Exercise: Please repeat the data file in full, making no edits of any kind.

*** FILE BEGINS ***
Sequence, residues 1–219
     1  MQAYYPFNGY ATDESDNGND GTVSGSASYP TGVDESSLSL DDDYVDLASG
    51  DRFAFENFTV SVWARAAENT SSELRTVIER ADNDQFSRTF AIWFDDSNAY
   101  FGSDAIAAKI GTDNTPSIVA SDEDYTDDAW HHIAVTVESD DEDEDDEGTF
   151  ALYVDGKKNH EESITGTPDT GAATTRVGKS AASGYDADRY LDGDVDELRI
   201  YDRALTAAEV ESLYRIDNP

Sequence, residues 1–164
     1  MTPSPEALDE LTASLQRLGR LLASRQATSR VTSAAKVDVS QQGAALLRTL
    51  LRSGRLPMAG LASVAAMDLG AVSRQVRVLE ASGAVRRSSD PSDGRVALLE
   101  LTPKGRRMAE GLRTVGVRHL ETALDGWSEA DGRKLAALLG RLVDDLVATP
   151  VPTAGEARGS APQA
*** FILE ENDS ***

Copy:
Sequence, residues 1–219
     1  MQAYYPFNGY ATDESDNGND GTVSGSASYP TGVDESSLSL DDDYVDLASG
    51  DRFAFENFTV SVWARAAENT SSELRTVIER ADNDQFSRTF AIWFDDSNAY
   101  FGSDAIAAKI GTDNTPSIVA SDEDYTDDAW HHIAVTVESD DEDEDDEGTF
   151  ALYVDGKKNH EESITGTPDT GAATTRVGKS AASGYDADRY LDGDVDELRI
   201  YDRALTAAEV ESLYRIDNP

Sequence, residues 1–164
     1  MTPSPEALDE LTASLQRLGR LLASRQATSR VTSAAKVDVS QQGAALLRTL
    51  LRSGRLPMAG LASVAAMDLG AVSRQVRVLE ASGAVRRSSD PSDGRVALLE
   101  LTPKGRRMAE GLRTVGVRHL ETALDGWSEA DGRKLAALLG RLVDDLVATP
   151  VPTAGEARGS APQA